As the Niagara-on-the-Lake tourism strategy committee continues to flesh out a vision for the town’s tourism sector, some key issues to tackle have emerged — such as improving NOTL’s transportation services.
Rebecca Godfrey, a consultant from Coldwell Banker Richard Ellis (CBRE), presented several short-term priorities for the committee to consider.
Communication with residents, parking issues, better signage and transportation services were all listed in bold in Godfrey’s presentation.
Resident Frances Stocker, a retired library worker, sent a letter to the committee outlining her vision of a tourism industry with a robust transportation network that allows visitors to keep their vehicles out of Old Town.
Tourism is important to the town, Stocker wrote in her letter, but, “We don’t want to kill the golden goose.”
“It brings a vibrancy and a life to the community,” she said.
The town’s transportation master plan is under review, she added in her letter, and this could be “our last opportunity to develop a successful transportation plan for visitors and residents alike.”
The committee didn’t discuss Stocker’s letter at its Oct. 16 meeting as it was submitted after the group finished consulting the public on its tourism plan.
However, Coun. Wendy Cheropita told The Lake Report that Stocker’s feedback was “very consistent” with what the committee has heard from residents, the business community and tourism businesses.
“The weaknesses that came out loud and clear, consistently, were lack of parking and traffic congestion,” she said. “Those two things will absolutely be addressed during this tourism strategy.”
Stocker suggested the town use shuttle services to move visitors from their accommodations to the town’s major attractions.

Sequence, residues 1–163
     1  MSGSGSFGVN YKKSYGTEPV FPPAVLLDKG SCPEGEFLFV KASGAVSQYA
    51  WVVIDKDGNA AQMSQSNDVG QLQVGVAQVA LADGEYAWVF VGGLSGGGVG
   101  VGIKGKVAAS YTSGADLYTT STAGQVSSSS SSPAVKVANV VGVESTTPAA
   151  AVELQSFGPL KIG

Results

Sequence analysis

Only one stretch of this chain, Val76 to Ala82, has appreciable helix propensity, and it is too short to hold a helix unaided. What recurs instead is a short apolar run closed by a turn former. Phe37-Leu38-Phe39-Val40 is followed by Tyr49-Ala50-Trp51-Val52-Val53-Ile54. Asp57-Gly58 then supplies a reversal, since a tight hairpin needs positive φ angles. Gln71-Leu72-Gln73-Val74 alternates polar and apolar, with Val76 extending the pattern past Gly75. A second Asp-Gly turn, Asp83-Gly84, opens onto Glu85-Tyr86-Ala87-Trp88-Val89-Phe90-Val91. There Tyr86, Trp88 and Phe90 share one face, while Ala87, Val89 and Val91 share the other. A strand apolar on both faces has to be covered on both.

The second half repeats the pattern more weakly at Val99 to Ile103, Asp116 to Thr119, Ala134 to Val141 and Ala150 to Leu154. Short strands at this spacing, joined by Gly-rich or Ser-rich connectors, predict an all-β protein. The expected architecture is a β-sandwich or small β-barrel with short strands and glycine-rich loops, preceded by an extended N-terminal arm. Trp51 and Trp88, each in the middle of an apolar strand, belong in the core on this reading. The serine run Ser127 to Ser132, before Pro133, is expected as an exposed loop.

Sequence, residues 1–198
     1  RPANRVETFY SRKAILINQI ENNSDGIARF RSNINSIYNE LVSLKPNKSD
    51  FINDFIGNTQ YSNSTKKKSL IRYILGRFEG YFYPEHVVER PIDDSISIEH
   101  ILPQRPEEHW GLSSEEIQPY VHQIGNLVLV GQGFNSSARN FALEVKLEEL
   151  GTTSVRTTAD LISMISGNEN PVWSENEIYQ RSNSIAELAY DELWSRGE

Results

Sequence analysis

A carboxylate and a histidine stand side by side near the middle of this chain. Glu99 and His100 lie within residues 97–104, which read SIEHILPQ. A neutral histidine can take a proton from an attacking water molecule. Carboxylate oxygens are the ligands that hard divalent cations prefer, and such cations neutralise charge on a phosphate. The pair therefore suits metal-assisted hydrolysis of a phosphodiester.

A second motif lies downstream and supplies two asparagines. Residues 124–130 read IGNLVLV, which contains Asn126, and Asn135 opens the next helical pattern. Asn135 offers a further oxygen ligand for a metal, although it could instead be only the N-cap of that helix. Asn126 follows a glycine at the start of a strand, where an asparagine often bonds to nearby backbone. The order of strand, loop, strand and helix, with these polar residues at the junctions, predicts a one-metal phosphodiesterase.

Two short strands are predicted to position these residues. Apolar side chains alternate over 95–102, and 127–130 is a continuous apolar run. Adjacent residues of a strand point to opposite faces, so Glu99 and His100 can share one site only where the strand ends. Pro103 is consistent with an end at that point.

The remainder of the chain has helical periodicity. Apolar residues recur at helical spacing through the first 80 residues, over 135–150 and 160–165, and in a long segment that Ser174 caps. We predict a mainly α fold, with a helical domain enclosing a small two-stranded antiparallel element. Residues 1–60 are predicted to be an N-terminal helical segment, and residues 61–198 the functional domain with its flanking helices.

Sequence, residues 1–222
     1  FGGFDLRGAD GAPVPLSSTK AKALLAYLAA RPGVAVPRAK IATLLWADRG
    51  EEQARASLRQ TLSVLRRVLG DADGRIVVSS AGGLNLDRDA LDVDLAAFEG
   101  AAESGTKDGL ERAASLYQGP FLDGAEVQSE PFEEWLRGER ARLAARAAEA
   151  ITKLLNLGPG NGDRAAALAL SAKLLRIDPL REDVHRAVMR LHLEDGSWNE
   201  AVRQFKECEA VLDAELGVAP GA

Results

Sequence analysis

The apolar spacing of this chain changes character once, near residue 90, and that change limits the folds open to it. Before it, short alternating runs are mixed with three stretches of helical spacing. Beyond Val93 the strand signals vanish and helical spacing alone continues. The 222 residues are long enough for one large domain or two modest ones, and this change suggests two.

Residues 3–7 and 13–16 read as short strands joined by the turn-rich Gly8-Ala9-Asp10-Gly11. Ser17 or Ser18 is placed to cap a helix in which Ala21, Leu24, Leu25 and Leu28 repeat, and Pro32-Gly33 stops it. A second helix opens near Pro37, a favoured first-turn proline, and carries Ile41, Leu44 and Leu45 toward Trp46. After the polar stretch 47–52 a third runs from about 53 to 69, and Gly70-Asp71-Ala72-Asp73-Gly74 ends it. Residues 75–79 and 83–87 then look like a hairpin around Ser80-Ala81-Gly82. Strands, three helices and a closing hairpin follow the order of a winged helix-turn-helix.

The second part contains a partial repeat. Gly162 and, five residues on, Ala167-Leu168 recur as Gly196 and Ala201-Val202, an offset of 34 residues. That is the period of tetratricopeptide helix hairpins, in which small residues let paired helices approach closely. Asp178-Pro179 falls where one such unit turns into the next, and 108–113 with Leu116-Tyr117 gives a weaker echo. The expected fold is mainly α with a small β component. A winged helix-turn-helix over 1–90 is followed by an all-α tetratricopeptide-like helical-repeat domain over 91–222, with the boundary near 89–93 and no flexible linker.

She also said the town could set up a park-and-ride station in Glendale, so people could leave their cars behind when taking trips to Old Town.
Parking near the heritage district could come at a “premium price,” she said, and parking in the heritage district could be restricted to delivery trucks and people with disabilities.
However, Stocker cautioned against “short-term solutions,” such as parking garages in Old Town or widening arterial roads.
She suggested the committee should pursue strategies that “reduce the number of cars coming from the QEW into NOTL.”
“I am very keen to make sure that we have a future focused transportation model,” she said in an interview.
On the other priorities for NOTL’s tourism sector, committee adviser Minerva Ward suggested the town should also focus on improving its collection of visitor data, which could help the town improve its tourism services.
Good communication could help to “change attitudes” for residents who are opposed to tourism, Cheropita added.
“There’s a lot of people in our town who are like that,” said committee member Erica Lepp.
Lepp and Cheropita both said the town needed to better educate its residents on the benefits the tourism industry brings.
Tim Jennings, the Shaw Festival’s CEO, said there is an “oversaturation point” in the tourism industry that nobody wants to hit, and the tourism plan should not compromise the town’s heritage assets.